Table of Contents
The Architecture in the Revolution Period and its Generalities
By architecture in the Revolution we must understand all that construction carried out during the revolutionary period that began in 1959. The most significant feature of this constructive production is its marked social character, expressed in the creation of the National Institute of Savings and Housing (INAV by its Spanish acronyms), which assumed the task of building most of the residential buildings in the country during the years 1959 and 1961. In a general sense, with both: buildings and in urban furniture, this architecture was characterized by the recovery of symbols and objects of the ornamental repertoire of vernacular architecture, such as arches of various types, the use of bricks and blocks in sight, Creole tiles, ceramic lattices and lampposts.
Main Building Stages of Architecture in the Revolution Period
Scholars of the architecture in the Cuban Revolution Period have noticed at least three fundamental stages in constructive development. The first of these periods comprises the decade of 1959-1969, the second continues with the following decade, 1969-1979, and the last one corresponds to the decade 1979-1989. The constructions of the first period are characterized by formal and constructive simplicity, the search for technical solutions of easy execution and lightness or low weight. The strong Soviet influence brings its obsession with symmetry and space saving. The shells, the lightened cover plates, the hyperbolic paraboloids are diffused and in the beginning of the prefabrication the folded-plates slabs to cover large social spaces. The Sandino system is mainly used in rural housing. For the second period the prefabricated reaches the generality of the architectonic facilities: hotels, schools, hospitals, houses, etc. New neighborhoods arise and others that had arisen in the previous period, now grow but with more resources to invest although with the same characteristics of the first period. In the last stage one begins to observe concern for the formal aspect and the rescue of the cultural values of Cuban identity. The harmonious insertion in the environment is taken care of as well as the respect for the architectural and urban heritage. The codes of functional modernism and postmodernism resurface in Cuba. After the collapse of the USSR and the tourist boom of the 1990s, the construction of modern hotels has grown dramatically, reflecting a strong influence of more contemporary western architecture with imposing steel and glass buildings imitating the typical facades of skyscrapers.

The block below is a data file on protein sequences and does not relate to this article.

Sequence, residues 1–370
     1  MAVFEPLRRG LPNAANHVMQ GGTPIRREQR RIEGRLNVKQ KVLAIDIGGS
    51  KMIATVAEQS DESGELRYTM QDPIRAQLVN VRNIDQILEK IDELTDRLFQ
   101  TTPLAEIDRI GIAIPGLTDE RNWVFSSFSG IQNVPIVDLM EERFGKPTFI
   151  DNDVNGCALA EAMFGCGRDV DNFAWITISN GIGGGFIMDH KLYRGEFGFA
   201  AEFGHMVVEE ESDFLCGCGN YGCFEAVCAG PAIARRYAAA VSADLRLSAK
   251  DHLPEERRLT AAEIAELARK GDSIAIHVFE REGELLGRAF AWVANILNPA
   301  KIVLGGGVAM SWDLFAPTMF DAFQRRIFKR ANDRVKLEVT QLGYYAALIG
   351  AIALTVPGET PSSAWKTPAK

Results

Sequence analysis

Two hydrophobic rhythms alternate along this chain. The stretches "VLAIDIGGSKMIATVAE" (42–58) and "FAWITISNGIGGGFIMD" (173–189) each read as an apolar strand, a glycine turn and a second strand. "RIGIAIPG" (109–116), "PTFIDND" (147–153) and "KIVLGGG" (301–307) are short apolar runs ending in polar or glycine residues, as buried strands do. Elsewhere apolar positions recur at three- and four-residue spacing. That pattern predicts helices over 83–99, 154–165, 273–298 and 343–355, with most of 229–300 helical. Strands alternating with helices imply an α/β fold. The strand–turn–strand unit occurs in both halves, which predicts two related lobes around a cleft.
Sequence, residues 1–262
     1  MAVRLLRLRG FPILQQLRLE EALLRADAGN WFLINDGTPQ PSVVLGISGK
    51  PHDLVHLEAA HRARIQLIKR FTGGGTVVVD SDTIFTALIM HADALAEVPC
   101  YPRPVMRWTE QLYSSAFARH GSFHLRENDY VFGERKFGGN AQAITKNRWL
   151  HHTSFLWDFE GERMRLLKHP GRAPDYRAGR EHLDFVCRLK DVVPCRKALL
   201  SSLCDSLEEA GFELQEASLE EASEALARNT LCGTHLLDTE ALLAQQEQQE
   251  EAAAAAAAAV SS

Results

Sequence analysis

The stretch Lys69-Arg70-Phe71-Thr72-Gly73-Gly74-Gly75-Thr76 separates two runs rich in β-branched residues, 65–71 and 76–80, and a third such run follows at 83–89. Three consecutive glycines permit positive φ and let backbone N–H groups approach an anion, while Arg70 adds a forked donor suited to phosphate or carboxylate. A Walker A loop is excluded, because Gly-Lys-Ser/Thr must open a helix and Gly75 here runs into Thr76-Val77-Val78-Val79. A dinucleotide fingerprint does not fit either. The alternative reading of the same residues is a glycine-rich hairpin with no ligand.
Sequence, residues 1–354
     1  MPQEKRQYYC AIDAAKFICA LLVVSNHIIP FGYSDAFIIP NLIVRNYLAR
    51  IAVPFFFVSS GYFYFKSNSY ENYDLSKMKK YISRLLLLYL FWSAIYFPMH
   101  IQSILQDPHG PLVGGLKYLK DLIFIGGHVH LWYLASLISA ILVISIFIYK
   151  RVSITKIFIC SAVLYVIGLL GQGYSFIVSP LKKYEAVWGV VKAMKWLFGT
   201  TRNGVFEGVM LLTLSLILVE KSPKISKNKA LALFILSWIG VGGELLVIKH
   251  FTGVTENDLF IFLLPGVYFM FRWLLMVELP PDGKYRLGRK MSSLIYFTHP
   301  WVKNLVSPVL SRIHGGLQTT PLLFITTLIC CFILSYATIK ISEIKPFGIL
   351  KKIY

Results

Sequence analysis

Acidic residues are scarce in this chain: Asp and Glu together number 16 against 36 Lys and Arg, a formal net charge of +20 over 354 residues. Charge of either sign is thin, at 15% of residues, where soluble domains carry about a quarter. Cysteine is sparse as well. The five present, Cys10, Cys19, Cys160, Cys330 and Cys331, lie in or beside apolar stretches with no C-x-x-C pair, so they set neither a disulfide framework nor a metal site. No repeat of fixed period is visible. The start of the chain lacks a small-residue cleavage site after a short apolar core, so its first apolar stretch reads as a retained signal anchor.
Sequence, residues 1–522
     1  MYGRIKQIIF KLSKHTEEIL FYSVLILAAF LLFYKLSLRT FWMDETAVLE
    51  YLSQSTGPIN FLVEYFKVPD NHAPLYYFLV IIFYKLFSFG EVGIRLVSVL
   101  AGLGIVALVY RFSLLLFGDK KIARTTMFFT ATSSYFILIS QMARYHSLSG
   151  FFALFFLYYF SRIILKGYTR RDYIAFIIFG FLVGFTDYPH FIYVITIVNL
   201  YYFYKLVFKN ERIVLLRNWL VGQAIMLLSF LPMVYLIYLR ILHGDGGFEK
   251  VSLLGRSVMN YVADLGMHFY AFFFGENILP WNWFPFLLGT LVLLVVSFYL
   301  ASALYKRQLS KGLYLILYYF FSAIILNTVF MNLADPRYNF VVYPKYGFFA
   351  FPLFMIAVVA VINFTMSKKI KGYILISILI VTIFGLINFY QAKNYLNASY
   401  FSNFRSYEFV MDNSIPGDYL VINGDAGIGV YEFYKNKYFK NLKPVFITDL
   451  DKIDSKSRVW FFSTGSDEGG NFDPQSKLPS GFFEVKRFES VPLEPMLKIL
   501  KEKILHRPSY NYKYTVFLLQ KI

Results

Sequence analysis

The Architecture of the Revolution Period and its Relevant Works
Among the significant works of the architecture of the Cuban Revolution are the 1Neighborhood in Havana, the National Art Schools, the Coppelia Ice Cream Parlor, the Lenin Park, the National Zoo, the National Botanical Garden and the Panamericana Villa, the Melia Cohiba Hotel, the Oasis Panorama Hotel, among others.